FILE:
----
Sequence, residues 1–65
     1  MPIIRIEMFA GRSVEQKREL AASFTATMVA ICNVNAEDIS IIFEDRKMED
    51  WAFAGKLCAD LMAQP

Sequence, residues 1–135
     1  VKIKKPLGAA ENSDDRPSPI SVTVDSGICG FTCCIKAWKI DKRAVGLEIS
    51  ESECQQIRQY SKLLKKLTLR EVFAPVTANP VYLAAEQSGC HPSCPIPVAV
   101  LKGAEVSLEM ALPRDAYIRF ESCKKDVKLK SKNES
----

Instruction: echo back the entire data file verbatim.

Sequence, residues 1–65
     1  MPIIRIEMFA GRSVEQKREL AASFTATMVA ICNVNAEDIS IIFEDRKMED
    51  WAFAGKLCAD LMAQP

Sequence, residues 1–135
     1  VKIKKPLGAA ENSDDRPSPI SVTVDSGICG FTCCIKAWKI DKRAVGLEIS
    51  ESECQQIRQY SKLLKKLTLR EVFAPVTANP VYLAAEQSGC HPSCPIPVAV
   101  LKGAEVSLEM ALPRDAYIRF ESCKKDVKLK SKNES